Here, too, is the little table that Voysey ate off. “After the war, he had to eke out a living doing watercolours,” sighs Scott. “Fame comes and goes so quickly. So many of them had sad endings.” Guimard died in New York largely forgotten, Jeckyll spent his last years in an asylum, Robert Wallace Martin – “England’s greatest studio potter” – lay under an unmarked gravestone until recently, while Dresser – “greater than William Morris, and the foremost art designer in Europe” – remains in his. To some extent this collection represents Scott’s attempt to rehabilitate and burnish their reputations. As for his own, he concludes: “I was rather embarrassed about what the FAS wrote about me. I thought they were laying it on a bit thick but then I looked around the collection again and realised that the things are rather good.”
Prices £100-£1m. Four further exhibitions are planned for 2014 and 2015, faslondon.com
A tale of two fairs
On June 26 two very different fairs will open to the public within walking distance of each other in London’s Chelsea, writes Iona Goulder. Masterpiece – now in its fifth year – will again take place on the South Grounds of the Royal Chelsea Hospital, displaying fine art, antiques, applied arts and luxury goods from international exhibitors. A few minutes walk away, at the Saatchi Gallery, the inaugural START art fair will aim to shed light on young and emerging artists from around the world.
Highlights at this year’s Masterpiece include F Scott Fitzgerald’s personal walking cane, given to the author by his publisher Maxwell Perkins in c1927 (priced at £46,000), a portrait of Admiral Nelson’s mistress Lady Hamilton by George Romney (valued at £350,000) and a bronze-cast, gold leaf sculpture of Kate Moss by Marc Quinn (£1m).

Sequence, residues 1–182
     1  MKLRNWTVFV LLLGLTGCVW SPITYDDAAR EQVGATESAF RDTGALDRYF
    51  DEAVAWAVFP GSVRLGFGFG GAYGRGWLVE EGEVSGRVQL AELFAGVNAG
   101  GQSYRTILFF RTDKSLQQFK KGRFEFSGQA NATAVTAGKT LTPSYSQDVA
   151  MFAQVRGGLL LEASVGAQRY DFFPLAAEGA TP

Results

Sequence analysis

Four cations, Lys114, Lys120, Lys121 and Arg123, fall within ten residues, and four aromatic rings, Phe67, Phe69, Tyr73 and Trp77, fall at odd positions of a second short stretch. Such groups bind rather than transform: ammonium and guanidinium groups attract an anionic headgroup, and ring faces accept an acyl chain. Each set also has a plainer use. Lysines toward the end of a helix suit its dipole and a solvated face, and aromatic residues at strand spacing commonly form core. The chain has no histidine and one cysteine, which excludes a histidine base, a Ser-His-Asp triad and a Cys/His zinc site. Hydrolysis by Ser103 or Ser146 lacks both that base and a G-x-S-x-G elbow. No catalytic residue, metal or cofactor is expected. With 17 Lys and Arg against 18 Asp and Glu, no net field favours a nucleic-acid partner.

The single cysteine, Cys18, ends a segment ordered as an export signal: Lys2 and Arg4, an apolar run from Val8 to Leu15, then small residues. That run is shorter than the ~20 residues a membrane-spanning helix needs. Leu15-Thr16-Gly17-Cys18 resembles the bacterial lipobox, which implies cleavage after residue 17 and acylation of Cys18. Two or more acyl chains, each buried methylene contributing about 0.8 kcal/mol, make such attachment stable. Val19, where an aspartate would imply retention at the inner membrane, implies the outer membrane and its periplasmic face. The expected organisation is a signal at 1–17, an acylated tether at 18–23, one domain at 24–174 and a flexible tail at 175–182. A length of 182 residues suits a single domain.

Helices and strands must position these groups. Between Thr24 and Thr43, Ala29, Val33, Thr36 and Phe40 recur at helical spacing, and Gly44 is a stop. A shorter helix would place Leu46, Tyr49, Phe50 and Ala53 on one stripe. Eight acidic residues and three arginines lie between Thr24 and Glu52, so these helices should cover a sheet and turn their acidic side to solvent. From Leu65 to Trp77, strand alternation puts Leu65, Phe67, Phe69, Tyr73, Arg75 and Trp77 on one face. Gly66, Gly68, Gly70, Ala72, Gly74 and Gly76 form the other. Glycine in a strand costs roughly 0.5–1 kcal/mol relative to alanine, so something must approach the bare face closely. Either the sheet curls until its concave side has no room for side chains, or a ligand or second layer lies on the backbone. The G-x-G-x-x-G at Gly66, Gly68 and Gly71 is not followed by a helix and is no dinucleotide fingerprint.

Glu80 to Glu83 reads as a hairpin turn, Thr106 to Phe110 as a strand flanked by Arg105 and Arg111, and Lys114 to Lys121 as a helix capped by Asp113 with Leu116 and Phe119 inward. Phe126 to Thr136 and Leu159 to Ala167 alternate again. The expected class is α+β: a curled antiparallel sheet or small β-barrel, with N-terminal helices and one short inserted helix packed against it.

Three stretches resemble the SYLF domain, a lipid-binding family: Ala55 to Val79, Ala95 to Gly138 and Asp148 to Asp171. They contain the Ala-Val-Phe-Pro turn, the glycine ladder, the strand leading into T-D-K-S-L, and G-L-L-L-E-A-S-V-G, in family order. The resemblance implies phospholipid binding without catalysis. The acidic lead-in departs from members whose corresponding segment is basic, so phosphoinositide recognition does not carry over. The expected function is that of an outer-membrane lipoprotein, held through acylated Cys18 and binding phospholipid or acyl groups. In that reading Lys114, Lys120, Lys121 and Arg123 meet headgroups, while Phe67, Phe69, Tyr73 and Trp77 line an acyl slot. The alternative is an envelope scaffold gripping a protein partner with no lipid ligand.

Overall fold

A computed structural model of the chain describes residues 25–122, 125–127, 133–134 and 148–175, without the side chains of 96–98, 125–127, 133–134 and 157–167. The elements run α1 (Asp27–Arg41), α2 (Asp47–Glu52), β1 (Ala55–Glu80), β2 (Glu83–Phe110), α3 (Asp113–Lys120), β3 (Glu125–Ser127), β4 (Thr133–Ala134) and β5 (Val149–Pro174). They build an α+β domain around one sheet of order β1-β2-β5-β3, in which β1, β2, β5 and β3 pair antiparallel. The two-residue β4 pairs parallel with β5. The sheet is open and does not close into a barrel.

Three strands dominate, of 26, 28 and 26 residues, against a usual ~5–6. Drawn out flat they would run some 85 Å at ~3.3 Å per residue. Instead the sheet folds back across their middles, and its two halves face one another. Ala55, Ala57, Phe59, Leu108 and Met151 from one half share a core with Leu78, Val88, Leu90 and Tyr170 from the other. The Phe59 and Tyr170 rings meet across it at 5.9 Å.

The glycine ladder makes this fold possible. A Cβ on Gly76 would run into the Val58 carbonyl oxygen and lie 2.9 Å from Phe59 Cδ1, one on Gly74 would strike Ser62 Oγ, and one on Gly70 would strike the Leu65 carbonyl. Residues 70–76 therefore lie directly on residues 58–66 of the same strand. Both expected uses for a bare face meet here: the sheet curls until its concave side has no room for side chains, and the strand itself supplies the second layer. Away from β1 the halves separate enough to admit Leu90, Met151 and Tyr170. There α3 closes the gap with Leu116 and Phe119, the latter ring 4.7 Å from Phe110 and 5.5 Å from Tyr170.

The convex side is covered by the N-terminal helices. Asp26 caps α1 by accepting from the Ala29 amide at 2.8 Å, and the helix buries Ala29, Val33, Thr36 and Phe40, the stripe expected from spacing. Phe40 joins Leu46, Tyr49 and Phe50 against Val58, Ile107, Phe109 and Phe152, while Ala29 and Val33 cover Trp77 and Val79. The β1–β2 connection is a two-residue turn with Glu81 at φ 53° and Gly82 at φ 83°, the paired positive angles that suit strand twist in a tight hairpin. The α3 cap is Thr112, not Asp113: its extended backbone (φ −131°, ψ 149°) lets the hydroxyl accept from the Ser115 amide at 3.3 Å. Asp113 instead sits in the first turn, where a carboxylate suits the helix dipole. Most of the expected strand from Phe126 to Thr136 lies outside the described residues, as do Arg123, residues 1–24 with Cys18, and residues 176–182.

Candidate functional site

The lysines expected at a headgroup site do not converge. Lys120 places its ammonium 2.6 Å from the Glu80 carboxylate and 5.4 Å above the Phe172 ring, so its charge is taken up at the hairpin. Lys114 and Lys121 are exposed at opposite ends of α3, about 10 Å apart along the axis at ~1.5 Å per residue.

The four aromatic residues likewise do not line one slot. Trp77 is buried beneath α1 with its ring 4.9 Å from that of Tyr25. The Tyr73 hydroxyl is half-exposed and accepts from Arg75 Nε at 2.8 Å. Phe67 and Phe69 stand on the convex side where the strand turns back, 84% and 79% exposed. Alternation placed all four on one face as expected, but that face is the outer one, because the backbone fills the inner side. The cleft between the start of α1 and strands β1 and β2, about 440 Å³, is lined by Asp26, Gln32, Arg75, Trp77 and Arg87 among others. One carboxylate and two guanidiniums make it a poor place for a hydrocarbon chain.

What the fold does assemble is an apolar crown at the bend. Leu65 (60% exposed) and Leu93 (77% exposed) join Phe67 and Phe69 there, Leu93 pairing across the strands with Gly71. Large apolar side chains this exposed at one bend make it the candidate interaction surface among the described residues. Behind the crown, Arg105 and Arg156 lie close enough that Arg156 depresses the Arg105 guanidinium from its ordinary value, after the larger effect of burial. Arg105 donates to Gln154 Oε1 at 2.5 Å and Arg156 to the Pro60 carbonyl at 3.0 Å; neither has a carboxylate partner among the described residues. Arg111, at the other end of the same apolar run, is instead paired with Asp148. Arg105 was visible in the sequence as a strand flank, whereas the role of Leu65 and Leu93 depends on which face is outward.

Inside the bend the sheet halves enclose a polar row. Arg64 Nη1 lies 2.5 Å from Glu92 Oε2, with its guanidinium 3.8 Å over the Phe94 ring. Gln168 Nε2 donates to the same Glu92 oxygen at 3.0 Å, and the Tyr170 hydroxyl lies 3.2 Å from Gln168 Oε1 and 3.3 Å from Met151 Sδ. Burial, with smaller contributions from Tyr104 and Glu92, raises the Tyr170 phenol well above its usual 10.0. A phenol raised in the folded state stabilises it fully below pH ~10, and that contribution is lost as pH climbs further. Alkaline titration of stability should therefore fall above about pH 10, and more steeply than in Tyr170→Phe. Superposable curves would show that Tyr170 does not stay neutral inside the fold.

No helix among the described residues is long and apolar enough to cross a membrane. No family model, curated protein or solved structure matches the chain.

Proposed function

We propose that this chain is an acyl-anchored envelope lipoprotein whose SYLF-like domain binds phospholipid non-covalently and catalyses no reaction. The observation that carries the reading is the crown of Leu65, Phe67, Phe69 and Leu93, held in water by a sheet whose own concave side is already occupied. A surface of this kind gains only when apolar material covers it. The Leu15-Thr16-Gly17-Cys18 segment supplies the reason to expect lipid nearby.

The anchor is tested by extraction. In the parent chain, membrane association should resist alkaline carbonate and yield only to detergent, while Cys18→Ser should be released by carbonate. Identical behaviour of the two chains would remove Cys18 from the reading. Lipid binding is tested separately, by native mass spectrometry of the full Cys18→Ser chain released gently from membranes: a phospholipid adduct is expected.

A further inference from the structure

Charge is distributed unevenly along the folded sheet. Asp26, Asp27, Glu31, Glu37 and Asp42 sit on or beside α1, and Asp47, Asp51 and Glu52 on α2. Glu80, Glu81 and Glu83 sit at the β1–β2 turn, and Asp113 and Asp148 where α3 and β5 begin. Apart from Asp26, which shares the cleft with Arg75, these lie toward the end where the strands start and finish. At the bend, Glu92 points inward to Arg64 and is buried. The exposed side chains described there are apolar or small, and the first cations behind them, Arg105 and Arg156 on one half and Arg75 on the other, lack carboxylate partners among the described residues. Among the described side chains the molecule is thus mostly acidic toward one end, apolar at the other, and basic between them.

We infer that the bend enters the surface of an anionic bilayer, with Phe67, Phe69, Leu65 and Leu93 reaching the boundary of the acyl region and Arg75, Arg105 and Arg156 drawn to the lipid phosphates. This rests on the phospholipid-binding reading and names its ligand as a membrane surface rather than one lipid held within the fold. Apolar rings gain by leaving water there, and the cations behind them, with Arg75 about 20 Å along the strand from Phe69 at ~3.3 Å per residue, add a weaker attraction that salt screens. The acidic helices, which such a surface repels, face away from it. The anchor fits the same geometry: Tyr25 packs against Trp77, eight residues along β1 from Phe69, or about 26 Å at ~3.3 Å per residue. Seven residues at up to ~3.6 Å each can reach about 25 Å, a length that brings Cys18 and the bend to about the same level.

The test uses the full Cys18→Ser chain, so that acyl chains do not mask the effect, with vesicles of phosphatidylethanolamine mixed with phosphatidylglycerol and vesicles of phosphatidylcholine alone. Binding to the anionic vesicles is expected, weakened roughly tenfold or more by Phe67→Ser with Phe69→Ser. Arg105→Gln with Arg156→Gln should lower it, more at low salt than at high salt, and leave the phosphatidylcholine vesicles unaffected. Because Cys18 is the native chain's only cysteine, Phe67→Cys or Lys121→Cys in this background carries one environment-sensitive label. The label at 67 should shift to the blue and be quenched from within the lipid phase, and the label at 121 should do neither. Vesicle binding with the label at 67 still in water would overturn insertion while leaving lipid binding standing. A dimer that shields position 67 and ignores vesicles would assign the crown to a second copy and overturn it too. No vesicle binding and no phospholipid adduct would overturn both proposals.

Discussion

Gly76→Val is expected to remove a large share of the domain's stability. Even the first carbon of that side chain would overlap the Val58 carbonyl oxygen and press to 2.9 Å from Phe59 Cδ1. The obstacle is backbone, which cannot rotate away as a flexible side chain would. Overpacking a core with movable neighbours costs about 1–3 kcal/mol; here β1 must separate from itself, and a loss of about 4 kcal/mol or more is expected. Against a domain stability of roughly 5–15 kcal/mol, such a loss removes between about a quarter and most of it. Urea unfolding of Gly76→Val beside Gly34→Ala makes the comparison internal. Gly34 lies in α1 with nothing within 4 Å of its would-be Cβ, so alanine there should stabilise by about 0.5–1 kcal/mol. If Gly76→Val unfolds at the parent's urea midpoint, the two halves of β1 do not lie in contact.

Contemporary artist-duo Tim Noble and Sue Webster have been commissioned by Blain Southern to make “The Masterpiece”, a 13.5kg work made up of animals cast in sterling silver and valued at £200,000. Sculptor Nic Fiddian-Green will be making works on site at the Sladmore Contemporary stand.
START, meanwhile, is organised by The Global Eye Programme, which was founded by collectors and philanthropists Serenella and David Ciclitira to nurture artistic talent where there is currently no infrastructure to do so. For START, they have collaborated with the Saatchi Gallery to provide a space for galleries from south and southeast Asia, Azerbaijan, Turkey and Mexico to compete with their western peers. Galleries range from the more established, such as Athr Gallery in Saudi Arabia, to artist-run spaces (Arcadia Missa, The Loft) and project spaces such as east London’s Roman Road; prices range from £1,000 to £20,000.
Prudential, the fair’s sponsors, also support the Global Eye Programme. To date this includes 18 exhibitions worldwide that focus on emerging artists from Asia.